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February 20, 2018

Social Sciences Division Awards Seed Funding

The Division of the Social Sciences recently announced the recipients of the inaugural seed grants for its Social Science Research Center (SSRC).

The grants, which total $171,000, were awarded to a total of eight professors working on six interdisciplinary research projects. The SSRC, which opened in fall 2017, is a nearly 6,000-square-foot facility located above the Seminary Co-Op Bookstore. It seeks to bring together faculty and students from across all social science disciplines in order to develop a better understanding of complex social problems.

The eight professors awarded grants are Robert Gulotty, assistant professor in political science; Anna Mueller, assistant professor in comparative human development; Benjamin Lessing, assistant professor in political science; Alan Kolata, professor of anthropology; Forrest Stuart, assistant professor in sociology; Birali Runesha, director of the Research Computing Center; Daniel Yurovsky, assistant professor in psychology; and Elliot Lipnowski, assistant professor in economics.

Gulotty was awarded the grant for his project “The Political Economy of Nostalgia: How Rust Belts Drive Commercial Conflict.”

“Governments around the world are dealing with rust belts...by adopting all sorts of subsidies and protectionist policies,” Gulotty wrote in an e-mail to The Maroon. “Here it seems that long-lost industries and regions are able to convince governments to offer them support.”

Gulotty’s research aims to explain the gap between the political power of “concentrated interests” and the material power of the aforementioned industries. He plans to use the seed grant to develop the pilot of a survey experiment that will look at the effects of closed factories on support for protectionist policies in the U.S. 

Mueller won the grant for her project “Examining the Social Roots of Youth Suicide.”

“My research focuses on understanding the role of social experiences in generating youth’s vulnerability to psychological pain and hopelessness and to seeing suicide as an option,” Mueller wrote in an e-mail to The Maroon. She noted that “the grant comes at a tremendously useful time,” as she has already scheduled two trips to meet with leaders of communities that deal with high rates of adolescent suicide about participation in her research.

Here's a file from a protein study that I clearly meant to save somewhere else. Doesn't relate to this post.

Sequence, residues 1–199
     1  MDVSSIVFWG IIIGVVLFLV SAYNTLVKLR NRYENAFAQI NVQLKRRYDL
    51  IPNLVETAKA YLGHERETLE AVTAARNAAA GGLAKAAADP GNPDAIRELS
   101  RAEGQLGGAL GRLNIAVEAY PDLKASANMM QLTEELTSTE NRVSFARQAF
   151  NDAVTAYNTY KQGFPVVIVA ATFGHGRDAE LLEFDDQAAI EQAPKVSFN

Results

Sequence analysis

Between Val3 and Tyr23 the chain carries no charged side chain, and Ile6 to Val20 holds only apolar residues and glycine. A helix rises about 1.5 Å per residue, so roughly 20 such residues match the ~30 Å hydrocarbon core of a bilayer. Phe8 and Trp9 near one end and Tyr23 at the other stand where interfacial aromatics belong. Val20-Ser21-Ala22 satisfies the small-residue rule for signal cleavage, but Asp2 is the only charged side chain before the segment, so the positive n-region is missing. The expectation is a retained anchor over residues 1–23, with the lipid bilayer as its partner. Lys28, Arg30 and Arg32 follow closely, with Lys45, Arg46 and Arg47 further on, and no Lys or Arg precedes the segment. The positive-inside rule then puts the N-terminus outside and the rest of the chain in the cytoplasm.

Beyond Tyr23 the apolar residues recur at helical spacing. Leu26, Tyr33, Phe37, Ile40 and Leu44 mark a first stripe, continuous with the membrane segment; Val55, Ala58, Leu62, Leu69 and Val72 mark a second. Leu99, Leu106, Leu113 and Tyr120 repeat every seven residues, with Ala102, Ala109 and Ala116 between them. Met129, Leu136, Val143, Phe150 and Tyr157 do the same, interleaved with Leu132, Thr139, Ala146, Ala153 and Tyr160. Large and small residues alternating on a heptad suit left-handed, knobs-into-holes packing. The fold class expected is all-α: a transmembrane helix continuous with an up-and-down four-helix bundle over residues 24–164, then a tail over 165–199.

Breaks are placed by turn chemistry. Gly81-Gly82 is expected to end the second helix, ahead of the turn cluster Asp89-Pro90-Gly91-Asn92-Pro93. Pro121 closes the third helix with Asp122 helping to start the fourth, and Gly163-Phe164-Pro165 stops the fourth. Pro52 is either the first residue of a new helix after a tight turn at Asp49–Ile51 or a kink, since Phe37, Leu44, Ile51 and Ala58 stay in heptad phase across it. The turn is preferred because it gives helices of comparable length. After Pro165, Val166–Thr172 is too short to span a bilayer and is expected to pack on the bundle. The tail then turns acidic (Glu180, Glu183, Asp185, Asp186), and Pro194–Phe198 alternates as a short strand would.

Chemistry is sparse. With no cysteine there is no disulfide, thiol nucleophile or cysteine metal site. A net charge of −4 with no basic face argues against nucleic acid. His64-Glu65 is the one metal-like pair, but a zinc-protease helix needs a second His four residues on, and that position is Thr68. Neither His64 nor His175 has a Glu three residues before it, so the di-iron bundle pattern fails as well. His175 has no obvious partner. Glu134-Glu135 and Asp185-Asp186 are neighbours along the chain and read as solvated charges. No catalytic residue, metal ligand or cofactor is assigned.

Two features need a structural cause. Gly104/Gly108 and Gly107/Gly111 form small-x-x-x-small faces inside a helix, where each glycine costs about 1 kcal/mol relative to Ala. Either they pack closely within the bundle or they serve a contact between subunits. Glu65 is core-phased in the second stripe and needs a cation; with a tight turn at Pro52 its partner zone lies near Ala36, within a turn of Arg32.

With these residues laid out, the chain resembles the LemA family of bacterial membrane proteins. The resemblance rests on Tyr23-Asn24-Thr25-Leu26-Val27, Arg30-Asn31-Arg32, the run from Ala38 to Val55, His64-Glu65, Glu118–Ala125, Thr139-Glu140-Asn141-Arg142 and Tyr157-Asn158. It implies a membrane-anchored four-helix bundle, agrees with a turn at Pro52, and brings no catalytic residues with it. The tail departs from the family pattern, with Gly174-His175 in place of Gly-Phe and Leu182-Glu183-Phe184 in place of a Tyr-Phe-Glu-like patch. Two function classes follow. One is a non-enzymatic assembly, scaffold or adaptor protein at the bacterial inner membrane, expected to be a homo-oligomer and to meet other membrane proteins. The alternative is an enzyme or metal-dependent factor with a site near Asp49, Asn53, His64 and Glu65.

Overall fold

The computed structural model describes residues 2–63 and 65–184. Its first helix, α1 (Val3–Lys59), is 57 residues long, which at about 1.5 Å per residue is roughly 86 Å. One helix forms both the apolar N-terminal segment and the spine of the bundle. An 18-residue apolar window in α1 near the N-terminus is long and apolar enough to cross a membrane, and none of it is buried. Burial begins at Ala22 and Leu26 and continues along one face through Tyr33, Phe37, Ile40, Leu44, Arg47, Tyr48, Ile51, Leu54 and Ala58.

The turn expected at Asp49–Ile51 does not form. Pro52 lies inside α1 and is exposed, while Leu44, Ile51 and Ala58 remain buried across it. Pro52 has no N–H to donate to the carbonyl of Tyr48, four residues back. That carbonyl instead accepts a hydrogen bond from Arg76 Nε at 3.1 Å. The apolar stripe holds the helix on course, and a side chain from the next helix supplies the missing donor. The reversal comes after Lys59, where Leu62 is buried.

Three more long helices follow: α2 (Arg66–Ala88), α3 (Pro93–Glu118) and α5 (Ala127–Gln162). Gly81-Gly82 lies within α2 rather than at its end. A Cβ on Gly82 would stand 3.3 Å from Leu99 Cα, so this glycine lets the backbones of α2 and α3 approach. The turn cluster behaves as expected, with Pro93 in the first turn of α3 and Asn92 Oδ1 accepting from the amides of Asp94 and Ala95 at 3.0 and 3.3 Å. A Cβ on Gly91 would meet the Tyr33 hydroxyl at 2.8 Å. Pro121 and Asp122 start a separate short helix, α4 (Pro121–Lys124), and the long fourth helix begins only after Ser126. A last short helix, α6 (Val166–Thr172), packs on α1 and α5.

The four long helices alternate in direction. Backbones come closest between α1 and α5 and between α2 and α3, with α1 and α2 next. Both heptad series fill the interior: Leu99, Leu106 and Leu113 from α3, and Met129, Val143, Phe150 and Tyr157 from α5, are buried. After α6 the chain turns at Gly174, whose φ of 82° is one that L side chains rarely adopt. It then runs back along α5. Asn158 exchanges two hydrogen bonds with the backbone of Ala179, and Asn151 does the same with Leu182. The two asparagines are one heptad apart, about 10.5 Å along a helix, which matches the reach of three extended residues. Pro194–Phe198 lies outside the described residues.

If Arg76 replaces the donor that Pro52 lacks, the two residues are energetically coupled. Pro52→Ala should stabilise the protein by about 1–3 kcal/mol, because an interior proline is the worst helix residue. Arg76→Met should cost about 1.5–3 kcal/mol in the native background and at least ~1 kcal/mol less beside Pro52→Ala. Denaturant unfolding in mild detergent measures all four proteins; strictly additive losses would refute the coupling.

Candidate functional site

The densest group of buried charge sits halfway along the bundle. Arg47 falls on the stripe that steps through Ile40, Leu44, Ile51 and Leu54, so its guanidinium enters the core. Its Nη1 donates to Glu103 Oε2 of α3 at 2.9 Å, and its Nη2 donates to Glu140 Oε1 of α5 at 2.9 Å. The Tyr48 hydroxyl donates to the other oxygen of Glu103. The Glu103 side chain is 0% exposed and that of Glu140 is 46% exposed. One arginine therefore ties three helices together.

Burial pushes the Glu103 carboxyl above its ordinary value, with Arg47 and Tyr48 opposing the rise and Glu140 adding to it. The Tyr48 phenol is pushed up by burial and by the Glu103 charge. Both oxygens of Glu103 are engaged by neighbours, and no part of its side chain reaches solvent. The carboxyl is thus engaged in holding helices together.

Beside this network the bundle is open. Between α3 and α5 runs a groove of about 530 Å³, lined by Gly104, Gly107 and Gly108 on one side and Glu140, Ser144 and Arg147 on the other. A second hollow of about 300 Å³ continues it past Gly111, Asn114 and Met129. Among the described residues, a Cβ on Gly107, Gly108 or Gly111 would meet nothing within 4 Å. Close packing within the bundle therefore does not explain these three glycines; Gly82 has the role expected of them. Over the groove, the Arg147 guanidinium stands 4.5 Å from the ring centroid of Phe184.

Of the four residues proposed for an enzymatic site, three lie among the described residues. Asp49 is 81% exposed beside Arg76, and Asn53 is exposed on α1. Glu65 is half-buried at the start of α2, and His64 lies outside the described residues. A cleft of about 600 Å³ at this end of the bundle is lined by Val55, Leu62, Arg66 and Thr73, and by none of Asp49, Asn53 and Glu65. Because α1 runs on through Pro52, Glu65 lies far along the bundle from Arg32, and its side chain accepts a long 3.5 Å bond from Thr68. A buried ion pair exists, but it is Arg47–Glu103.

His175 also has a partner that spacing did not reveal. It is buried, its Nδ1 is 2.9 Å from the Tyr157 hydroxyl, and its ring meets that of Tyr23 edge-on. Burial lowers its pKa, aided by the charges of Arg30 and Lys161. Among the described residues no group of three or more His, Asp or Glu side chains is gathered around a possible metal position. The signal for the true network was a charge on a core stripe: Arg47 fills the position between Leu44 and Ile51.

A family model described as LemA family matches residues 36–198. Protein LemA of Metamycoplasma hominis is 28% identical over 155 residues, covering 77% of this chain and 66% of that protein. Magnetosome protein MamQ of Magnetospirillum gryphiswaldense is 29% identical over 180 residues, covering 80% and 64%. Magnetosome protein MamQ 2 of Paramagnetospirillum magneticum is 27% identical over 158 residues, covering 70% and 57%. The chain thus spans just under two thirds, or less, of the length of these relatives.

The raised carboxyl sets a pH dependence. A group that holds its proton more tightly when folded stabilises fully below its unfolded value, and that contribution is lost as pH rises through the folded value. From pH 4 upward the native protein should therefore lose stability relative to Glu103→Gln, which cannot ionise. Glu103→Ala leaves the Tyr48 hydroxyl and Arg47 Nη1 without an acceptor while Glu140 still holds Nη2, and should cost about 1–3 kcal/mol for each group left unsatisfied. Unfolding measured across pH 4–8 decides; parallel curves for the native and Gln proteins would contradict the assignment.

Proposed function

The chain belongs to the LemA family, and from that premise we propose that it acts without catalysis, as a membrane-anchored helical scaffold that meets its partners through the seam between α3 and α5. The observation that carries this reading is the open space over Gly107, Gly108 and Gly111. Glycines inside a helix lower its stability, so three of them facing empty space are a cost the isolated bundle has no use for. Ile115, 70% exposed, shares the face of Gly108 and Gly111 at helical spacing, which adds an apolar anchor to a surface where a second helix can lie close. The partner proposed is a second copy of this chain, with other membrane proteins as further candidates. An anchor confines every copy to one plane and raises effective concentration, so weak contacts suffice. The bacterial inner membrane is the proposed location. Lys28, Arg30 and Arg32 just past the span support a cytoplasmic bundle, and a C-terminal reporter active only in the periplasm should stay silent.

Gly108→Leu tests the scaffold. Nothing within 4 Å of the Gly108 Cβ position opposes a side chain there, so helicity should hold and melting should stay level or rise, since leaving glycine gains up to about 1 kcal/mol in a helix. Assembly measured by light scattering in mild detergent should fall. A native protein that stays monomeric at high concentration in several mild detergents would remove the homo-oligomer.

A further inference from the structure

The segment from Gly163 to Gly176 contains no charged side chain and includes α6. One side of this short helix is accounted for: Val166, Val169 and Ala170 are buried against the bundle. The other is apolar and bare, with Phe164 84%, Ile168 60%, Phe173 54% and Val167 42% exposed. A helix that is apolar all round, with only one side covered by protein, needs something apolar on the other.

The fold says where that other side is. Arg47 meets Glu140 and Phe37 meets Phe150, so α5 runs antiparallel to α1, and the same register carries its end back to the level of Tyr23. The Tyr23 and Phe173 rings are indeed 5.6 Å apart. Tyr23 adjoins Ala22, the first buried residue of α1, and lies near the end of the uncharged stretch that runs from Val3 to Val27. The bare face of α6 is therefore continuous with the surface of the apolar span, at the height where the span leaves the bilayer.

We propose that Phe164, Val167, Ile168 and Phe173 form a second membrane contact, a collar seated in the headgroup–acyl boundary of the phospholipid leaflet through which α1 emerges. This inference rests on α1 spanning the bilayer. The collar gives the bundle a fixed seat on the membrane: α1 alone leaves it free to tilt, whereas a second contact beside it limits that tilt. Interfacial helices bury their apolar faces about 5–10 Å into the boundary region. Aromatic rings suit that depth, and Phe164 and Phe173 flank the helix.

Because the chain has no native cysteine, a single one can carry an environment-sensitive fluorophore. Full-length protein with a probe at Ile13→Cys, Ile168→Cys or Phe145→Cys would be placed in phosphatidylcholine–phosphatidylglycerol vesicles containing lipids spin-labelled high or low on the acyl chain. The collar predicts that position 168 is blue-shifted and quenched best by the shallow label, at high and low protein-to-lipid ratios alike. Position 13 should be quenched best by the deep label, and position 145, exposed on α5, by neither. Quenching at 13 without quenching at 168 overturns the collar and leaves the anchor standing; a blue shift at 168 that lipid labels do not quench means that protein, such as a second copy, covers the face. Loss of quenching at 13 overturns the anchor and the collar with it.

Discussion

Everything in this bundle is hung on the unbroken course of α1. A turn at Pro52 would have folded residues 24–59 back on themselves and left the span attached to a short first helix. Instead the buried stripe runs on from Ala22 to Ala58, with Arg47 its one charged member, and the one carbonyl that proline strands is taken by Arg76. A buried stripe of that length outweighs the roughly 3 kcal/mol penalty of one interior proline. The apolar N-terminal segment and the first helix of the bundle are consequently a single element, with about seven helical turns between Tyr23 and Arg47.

Lessing’s project, “Criminal Governance in the Americas,” aims to “measure how criminal governance [non-state actors being in control of a region] varies over time and space.” Lessing plans to use the SSRC grant to conduct research in both Chicago and Latin America, to build an estimate of criminal governance, and to refine his methodology in the process.

“A startling and understudied truth [is that]...the number of people living under some form of criminal governance is in the tens if not hundreds of millions,” Lessing wrote in an e-mail to The Maroon.

Kolata’s project is titled “Economic, Social, and Environmental Drivers of Rural to Urban Migration in the Lower Mekong River Basin of Cambodia.” He explained that in recent years, constructions along the river have caused changes in fishing and agriculture.

“What we’re trying to do [with the grant money] is integrate two forms of analysis,” he said, speaking about the physical and social sciences. His team, which includes an economist, ecologist, and hydrologist, will try to determine how people are responding to developments by both conducting physical measurements of sediments and nutrients in Cambodia and by conducting interviews with Cambodian villagers as well as migrants to the cities.

Stuart and Runesha were awarded the grant for their collaboration, “Early Warning System and Analysis.” According to the social sciences division’s announcement, the pair hope to ultimately build a tool to help reduce and prevent gang violence by developing “a real-time, early warning alert system to warn school personnel, police, community leaders, and violence intervention organizations about pending or ongoing violent conflicts in a local area.”

Yurovsky and Lipnowski also won the grant for a collaborative project.  Their project, “A Game-Theoretic Framework for Modeling Early Language Learning,” seeks to produce a better understanding of the mechanics of children’s language learning.

Yurovsky said he is interested in learning about the apparent disparity between how good children are at learning languages quickly and how bad they are at learning its nuances. The pair plan to use the grant to “do more work on the formal modeling of what’s going on,” or, as Yurovsky put it, to “think of language as an economic game” and ask, “What kinds of interactions lead to good language learning?”  

Some awardees expressed their appreciation not only for the grants they received, but also for the creation of the SSRC.

“Sometimes the best ideas come from our ability to chat casually with colleagues that share our general interests but that have different methodological expertise,” Mueller wrote. “Lowering the barriers to those informal conversations can be extremely generative.”

Gulotty agreed, writing, “Groundbreaking ideas do not come about by struggling by oneself in a dark corner of a library.”

“These seed grants are absolutely essential for investigators to develop enough data and have collaborations with people they might not otherwise be in conversation with,” Kolata said.

Correction on Feb. 21, 2018, 7:54 p.m. CST:

An earlier version of this article misstated Mueller's title. She is an assistant professor in comparative human development, not sociology. The Maroon regrets this error.

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